Like Spongbob looking for someone to celebrate Leif Erikson day with, I couldn’t understand why people weren’t more excited. Sports talk was still bashing the Eagles and Chip Kelly into the ground, admittedly deservingly but shit’s old news. Hey coworker, want to talk about the Six… no, you don’t watch basketball huh. Oh nice, Mike Missanelli is going to interview Sixer owner Scott O’Neil, this might be good. Nevermind! The radio was turned off when Missanelli said the Sixers are going to have more loses than the previous two years. I’m not letting any pessimism ruin my sunny Sixers disposition.
So what’s going on? Am I on Mugato’s crazy pills or something? Possibly, but also it seems like the talking heads in Philly are missing the point. There’s been so much talk in this offseason about how the tank job has not gone as planned. How agents are telling their clients not to work with the Sixers. How Dario Saric is never coming over. How Joel Embiid is a lard ass. About how if you feel something on your head it’s not rain, it is in fact the entire sky falling...
Well guess what? The sky ain’t falling ladies and germs. Jahlil Okafor is the stud offensive go-to player that this team has been desperately craving. He’s a player that you can run your offense around due to the bevy of ways he can put the ball through the hoop and he’s a player that other players are going to want to play around because he’s unselfish.
I was impressed in so many different ways by him. His footwork is dizzying, his arsenal of moves bountiful, his defense is better than advertised, his ball handling skills for a center are matched by only that of the 7 foot white guy with the head band and two arm sleeves that you created in 2k. Trust me when I say the Lakers are going to regret over thinking this one, BIGGGGG time.
Even more than the flashy stuff I was impressed by the things he was doing that at first glance may not have appeared as difficult as they actually were. There was a play where Jahlil got the ball trailing in a fast break scenario. Marcus Smart set himself up perfectly to take the charge with the 6’11” 270lbs big boy bearing down… but it didn’t happen. Jahlil dropped on a dime and hit a floater from 8 feet out. A center, hitting a floater! At this moment from my couch I literally jumped up and let out a Ric Flair “WOOO!”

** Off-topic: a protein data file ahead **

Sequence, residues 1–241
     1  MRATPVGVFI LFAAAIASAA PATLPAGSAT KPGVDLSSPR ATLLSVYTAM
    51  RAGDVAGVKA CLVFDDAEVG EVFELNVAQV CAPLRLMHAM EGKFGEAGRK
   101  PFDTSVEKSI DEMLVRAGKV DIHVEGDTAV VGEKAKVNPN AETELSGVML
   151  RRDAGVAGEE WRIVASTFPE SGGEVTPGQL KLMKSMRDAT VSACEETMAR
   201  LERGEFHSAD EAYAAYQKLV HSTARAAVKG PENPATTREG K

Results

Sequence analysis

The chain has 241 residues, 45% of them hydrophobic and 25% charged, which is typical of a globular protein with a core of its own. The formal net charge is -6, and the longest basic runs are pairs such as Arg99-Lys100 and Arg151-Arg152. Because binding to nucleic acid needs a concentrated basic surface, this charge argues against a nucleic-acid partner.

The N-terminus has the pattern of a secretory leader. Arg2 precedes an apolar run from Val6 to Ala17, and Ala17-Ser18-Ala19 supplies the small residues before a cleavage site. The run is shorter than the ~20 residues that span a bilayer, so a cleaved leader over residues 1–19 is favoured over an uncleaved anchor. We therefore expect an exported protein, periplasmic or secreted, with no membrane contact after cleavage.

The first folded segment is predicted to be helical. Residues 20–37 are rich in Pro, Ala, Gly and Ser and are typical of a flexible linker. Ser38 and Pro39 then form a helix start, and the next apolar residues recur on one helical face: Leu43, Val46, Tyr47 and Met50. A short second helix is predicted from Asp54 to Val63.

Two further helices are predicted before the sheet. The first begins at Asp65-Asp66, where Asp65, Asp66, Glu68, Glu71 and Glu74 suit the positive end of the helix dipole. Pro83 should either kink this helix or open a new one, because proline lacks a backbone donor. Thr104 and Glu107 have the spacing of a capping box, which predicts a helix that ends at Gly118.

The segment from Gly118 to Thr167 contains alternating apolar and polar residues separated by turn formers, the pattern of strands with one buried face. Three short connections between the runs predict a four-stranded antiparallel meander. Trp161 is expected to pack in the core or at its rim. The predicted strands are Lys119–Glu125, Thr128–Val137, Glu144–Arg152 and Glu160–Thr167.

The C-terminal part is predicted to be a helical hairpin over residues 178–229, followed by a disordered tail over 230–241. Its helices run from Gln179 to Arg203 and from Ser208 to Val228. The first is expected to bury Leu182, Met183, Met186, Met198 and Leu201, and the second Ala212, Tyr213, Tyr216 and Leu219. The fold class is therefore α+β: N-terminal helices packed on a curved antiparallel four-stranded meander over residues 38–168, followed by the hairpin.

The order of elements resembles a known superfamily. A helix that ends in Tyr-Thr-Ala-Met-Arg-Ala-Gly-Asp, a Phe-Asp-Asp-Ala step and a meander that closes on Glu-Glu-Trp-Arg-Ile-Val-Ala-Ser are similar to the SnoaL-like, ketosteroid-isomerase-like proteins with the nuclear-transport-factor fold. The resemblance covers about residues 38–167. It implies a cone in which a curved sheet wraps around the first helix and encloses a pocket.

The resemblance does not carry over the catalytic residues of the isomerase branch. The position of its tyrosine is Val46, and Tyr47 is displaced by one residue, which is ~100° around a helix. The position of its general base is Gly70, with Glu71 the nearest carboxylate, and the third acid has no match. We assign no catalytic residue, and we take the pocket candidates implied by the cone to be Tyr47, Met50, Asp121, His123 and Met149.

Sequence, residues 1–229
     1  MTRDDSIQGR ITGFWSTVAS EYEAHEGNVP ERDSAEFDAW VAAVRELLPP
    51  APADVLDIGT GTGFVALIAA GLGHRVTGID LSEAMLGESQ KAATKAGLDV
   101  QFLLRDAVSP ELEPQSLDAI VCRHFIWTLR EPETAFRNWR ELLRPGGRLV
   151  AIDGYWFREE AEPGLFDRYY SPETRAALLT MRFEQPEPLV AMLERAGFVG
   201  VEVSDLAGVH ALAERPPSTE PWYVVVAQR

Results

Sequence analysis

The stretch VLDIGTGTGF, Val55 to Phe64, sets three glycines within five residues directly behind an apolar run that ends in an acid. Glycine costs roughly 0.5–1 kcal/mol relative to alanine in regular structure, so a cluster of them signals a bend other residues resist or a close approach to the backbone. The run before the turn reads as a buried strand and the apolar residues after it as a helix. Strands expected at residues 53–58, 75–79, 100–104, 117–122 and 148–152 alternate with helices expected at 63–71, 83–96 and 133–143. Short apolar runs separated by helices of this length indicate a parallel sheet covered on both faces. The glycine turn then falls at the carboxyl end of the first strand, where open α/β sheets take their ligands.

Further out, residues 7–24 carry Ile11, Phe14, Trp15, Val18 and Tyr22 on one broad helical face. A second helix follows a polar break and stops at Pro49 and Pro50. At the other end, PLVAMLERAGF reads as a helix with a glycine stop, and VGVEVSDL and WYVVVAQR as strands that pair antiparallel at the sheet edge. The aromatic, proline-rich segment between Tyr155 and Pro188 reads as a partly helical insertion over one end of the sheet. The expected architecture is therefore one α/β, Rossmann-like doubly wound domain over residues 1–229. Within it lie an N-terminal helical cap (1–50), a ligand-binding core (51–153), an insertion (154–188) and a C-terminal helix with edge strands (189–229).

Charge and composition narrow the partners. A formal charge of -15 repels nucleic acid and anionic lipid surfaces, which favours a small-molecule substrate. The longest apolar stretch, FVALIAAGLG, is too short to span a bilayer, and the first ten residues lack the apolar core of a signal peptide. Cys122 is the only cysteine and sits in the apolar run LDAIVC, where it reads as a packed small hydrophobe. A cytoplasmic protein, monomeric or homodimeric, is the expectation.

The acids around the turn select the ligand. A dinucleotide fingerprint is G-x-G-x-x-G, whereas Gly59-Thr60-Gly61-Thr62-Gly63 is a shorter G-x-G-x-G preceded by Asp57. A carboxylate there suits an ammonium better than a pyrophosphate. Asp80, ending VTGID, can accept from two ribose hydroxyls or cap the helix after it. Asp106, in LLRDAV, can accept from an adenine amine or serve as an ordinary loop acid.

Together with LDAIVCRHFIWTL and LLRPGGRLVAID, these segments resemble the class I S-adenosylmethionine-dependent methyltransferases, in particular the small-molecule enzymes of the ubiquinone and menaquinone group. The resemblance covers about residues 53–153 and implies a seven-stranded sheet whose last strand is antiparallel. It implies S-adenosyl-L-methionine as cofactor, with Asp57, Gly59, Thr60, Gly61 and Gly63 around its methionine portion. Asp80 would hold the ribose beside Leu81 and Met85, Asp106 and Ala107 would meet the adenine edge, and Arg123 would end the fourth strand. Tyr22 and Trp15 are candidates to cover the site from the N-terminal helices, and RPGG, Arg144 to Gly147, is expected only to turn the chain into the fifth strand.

The big man had 8 turnovers but I don’t see it as a major cause for concern. He did some rookie stuff like dribbling into double teams, forcing passes, and not letting the game come to him but it was all correctable. In fact it was only when he turned the ball over that I was able to believe that he’s a 19 year old kid playing his first ever professional basketball game. On one play he was double teamed, took his time while being hacked by two defenders (evident by a visibly huge scratch on his back), stepped between them, and found Hollis Thompson across court for a wide open 3. It was a thing of beauty.
In fact as early as the second quarter he started having double teams thrown his way and that didn’t stop him from dropping 26. His hands are so big and his wingspan so long that he can securely palm the ball in one hand, keep the defenders away with his body and the other arm, pump fake a pass in one direction without losing group, and then fire across court in the other direction. That’ll teach them to leave their man open.